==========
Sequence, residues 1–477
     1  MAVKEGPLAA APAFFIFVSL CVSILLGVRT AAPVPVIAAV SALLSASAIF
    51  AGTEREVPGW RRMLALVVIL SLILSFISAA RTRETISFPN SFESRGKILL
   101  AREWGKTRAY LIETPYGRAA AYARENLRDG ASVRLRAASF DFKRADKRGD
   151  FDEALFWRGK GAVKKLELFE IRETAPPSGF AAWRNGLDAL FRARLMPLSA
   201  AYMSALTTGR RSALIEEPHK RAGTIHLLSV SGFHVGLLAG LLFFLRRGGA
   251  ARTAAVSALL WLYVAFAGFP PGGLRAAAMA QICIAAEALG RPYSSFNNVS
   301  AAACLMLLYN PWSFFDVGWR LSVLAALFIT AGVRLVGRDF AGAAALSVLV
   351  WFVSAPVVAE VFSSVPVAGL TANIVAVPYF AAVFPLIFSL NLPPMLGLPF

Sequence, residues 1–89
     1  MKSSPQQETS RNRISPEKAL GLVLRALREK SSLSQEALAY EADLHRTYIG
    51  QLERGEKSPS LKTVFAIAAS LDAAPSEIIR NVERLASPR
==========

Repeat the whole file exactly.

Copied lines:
Sequence, residues 1–477
     1  MAVKEGPLAA APAFFIFVSL CVSILLGVRT AAPVPVIAAV SALLSASAIF
    51  AGTEREVPGW RRMLALVVIL SLILSFISAA RTRETISFPN SFESRGKILL
   101  AREWGKTRAY LIETPYGRAA AYARENLRDG ASVRLRAASF DFKRADKRGD
   151  FDEALFWRGK GAVKKLELFE IRETAPPSGF AAWRNGLDAL FRARLMPLSA
   201  AYMSALTTGR RSALIEEPHK RAGTIHLLSV SGFHVGLLAG LLFFLRRGGA
   251  ARTAAVSALL WLYVAFAGFP PGGLRAAAMA QICIAAEALG RPYSSFNNVS
   301  AAACLMLLYN PWSFFDVGWR LSVLAALFIT AGVRLVGRDF AGAAALSVLV
   351  WFVSAPVVAE VFSSVPVAGL TANIVAVPYF AAVFPLIFSL NLPPMLGLPF

Sequence, residues 1–89
     1  MKSSPQQETS RNRISPEKAL GLVLRALREK SSLSQEALAY EADLHRTYIG
    51  QLERGEKSPS LKTVFAIAAS LDAAPSEIIR NVERLASPR